Wednesday, April 6, 2011

Ramblings Of A Ramen Whore - Gunco And Izakaya Masa

Congrats to Kirk of Mmm-yoso on his second article in the SD Reader!! The write up was on the few better ramen spots San Diego currently has to offer (Kirk's first was on Pho) and he was nice enough to mention me and my humble blog in the end. It did cause me to blush some since as much as I'm a huge fan of ramen I personally know much more hardcore folks than myself, many who I haven't been able to convince yet to participate in the fine 21st century hobby known as food blogging, haha.

One of the stops during Kirk's quick tour of Chula Vista he gave me early this year (I briefly mention the Mariscos El Pescador taco truck here) was Gunco Ramen. GR is connected to Kanpai in the literal sense by a hallway, and for all practical purposes are the same restaurant sharing menus. Unfortunately for its self-imposed Gunco name, the place could be an especially easy target for criticism from would be ramen fanatics since Gunco (or Ganko) in Japanese implies someone of "stubborn" uncompromising determination in serving the best (in this case ramen). I could see how for most people here it's just a name though and to some extent it would also be for me.



I've only had their Miso a couple of times in the past which seemed to progress for the better (consequently through new ownerships) so I thought it was time to finally try their Shoyu. I think I asked for the Chashumen with the extra pork slices. As Kirk mentioned there's a bit of ginger flavor in these, at least in the Shio and Shoyu. I remembered hearing about the Shyoga-Jyoyu Ramen of Nagaoka city which is a darker Shoyu fortified with Ginger, the adaptation said to come from the shoga ginger's warming effect to the body that is appreciated during the colder winters of Niigata. In any case, actual Nagaoka shyoga-jyoyu inspired or not aside, it would be a much too mild interpretation. Closer would be to the pushcart Yatai-style very light assari-kei maybe, but personally judging the bowl by its own merits would be a lot easier. The lighter less oily, "healthier broth" is not at all uncommon to So. Cal. ramen (to the point I'm developing a theory that it could be a style??) and I actually appreciated the ginger notes which gave the bowl some character, if not a very subtle one. The ginger seems to lend itself better to the shoyu flavor since Kirk found the use in his further simple Shio broth order (salt flavored) to be heavy handed.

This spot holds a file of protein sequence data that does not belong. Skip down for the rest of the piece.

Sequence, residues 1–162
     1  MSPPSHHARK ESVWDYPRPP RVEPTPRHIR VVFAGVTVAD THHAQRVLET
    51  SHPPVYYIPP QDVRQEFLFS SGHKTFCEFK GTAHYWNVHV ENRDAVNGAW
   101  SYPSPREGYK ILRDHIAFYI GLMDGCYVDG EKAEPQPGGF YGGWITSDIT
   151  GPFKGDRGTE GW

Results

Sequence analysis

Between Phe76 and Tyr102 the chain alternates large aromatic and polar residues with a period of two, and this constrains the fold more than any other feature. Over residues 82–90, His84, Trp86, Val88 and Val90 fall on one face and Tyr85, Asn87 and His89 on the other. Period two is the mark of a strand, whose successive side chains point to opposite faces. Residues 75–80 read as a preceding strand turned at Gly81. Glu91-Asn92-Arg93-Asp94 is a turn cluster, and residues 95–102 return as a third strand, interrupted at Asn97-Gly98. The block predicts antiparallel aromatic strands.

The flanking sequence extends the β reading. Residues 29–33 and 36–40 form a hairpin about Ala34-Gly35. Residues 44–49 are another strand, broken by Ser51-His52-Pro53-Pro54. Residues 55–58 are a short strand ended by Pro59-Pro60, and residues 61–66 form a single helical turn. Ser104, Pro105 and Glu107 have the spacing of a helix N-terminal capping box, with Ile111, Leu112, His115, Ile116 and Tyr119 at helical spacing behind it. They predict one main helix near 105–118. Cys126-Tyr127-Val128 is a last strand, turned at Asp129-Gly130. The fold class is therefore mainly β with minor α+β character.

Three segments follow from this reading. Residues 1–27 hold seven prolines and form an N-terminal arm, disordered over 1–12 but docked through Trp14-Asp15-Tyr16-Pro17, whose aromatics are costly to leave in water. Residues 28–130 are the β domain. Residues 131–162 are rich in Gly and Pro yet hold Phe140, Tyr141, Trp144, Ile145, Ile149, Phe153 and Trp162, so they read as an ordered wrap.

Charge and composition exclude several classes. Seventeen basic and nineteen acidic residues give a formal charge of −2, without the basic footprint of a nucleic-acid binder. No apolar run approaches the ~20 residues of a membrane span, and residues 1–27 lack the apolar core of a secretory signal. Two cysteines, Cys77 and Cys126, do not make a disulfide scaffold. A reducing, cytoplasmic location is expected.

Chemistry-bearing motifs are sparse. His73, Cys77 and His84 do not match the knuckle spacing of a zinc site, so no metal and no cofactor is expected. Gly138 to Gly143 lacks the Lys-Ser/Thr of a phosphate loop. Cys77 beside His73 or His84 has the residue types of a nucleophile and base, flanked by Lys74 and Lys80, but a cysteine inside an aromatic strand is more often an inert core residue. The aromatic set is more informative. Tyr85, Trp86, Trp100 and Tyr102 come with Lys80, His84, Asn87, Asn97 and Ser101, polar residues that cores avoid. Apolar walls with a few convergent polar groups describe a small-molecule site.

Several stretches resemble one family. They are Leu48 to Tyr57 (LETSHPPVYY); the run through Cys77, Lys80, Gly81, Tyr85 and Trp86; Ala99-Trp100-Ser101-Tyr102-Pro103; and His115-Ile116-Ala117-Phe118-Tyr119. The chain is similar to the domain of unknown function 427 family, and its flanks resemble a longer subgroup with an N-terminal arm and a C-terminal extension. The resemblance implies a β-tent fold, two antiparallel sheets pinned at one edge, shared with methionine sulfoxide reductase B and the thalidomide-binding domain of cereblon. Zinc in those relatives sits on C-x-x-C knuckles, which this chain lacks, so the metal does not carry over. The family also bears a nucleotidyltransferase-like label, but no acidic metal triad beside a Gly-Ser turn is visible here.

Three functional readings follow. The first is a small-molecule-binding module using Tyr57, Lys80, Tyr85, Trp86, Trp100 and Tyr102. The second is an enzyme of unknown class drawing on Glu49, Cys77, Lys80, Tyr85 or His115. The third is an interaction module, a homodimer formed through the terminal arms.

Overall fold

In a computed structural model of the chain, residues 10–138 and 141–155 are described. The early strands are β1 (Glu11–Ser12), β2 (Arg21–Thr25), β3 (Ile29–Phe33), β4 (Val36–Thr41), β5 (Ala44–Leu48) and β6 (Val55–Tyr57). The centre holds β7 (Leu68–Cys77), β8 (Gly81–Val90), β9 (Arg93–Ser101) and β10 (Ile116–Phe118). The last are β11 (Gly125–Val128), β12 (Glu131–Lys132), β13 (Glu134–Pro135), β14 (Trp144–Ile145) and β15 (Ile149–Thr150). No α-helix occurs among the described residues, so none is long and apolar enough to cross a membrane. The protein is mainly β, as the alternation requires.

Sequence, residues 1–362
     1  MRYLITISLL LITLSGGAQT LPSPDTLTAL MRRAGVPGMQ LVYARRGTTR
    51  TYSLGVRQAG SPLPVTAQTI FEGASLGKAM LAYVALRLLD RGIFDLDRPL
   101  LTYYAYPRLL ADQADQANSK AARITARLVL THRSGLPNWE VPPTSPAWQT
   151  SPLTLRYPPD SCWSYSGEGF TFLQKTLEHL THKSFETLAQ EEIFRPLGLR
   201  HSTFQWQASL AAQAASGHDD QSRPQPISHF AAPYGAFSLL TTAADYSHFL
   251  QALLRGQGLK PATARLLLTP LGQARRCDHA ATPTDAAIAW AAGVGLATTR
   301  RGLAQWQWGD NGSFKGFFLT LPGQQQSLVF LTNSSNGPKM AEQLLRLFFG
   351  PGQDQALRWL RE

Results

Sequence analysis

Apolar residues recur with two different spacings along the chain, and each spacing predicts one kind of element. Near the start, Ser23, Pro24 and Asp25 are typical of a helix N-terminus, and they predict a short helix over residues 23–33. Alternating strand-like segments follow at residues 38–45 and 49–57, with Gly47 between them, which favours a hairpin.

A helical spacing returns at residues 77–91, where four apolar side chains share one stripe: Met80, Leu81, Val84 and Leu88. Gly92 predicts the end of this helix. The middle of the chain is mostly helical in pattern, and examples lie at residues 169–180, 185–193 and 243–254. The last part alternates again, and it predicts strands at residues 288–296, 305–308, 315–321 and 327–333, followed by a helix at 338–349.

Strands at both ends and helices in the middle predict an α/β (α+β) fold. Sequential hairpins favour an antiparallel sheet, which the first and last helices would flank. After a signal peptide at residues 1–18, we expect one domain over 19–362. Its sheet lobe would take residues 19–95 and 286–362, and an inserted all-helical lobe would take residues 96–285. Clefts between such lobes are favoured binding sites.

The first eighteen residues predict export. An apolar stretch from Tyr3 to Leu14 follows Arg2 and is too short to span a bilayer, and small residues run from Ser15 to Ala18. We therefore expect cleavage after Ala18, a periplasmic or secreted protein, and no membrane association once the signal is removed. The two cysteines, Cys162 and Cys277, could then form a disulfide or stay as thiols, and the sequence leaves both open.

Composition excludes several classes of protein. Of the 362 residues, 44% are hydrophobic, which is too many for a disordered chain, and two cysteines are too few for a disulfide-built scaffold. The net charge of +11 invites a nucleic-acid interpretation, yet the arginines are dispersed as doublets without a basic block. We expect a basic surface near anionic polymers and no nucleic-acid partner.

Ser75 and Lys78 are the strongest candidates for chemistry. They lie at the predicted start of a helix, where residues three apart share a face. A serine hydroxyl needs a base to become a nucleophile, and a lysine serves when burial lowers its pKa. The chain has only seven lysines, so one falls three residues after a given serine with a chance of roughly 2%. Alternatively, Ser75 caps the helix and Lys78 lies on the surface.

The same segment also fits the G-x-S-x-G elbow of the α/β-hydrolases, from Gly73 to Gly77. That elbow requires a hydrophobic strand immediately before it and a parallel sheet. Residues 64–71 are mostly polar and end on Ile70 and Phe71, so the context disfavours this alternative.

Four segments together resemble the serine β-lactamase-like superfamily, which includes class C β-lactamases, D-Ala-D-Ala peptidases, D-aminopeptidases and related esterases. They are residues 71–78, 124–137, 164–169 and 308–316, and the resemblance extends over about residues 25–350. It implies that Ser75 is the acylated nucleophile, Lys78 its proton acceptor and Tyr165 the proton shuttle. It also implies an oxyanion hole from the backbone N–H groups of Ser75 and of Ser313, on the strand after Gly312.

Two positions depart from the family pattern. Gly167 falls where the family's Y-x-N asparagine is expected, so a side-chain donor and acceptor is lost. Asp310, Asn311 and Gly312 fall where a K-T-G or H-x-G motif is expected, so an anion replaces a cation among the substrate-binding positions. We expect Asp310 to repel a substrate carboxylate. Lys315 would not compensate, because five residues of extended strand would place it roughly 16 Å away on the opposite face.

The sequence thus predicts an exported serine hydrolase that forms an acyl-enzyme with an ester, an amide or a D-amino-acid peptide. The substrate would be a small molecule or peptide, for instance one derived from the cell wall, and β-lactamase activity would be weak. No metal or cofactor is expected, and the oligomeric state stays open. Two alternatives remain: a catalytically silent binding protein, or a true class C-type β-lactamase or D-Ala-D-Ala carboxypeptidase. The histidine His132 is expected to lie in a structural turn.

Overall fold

[Gunco's Miso, 11/2007.]

For me personally the positives of my shoyu were that it's actually a fairly balanced bowl. The lightly marinated chashu is on the dry side but was appropriately sliced thinner. The noodles which are also very thin and wavy were cooked a medium firm without me asking which was nice. Too bad it didn't have any flavor but at least it was executed with some spine left in it to be enjoyed slurped up and inhaled with the soup.

If I remember right I think a regular bowl is priced at the low six-dollar range. It's not Pho cheap, but the relative affordability is a ligit attraction while the serviceable fried rice chahan and "potsticker" gyozas makes it further appealing as a package (should be noted it's been several years since having these). If GR happened to be closer to where I lived or worked I can see myself having these ginger spiked assari-kei bowls more often than not.


[Gunco's gyoza and hanchan, 11/2007.]

Gunco Ramen, 305 Palomar St, Chula Vista, CA 91911

To be very blunt over the years I've become a less judgmental ramen whore. It's not altogether a bad thing. It's recognizing how I can appreciate say, a wood fire oven baked artisan pizza when I can get my hands on one but also how a leftover cold slice from the fridge can give me a good smile too. It's win-win, haha. Great bowls and so-so bowls both marches me forward toward ramen happy land though obviously in different intensities. A dice roll of six or one, as long it's not a negative, in which case I choose not to share about at all.

There are a daunting array of ramen styles, so much so that one is bound to find one that fits them if given the opportunity, and like our Big Banged universe, it only expands outward exponentially. At the Fukuoka owner run Izakaya Masa, a classic Hakata style pork bone Tonkotsu ramen have become pretty popular. Izakaya Masa is one of our favorite watering holes for my friends and I. The food and selection is generally very decent, the place has a nice vibe and they happen to be close by for us. Their Hakata tonkotsu ramen that some tend to rave about online, honestly a similar quality can be had at home by visiting your neighborhood Japanese grocer. Just go to the refrigerated section and pick up one of the many raw nama tonkotsu ramen packs. This goes to show how far nama ramen have come. You'd find them just as (in a good way) greasy and salty and perfect company with that nice chilled beeru.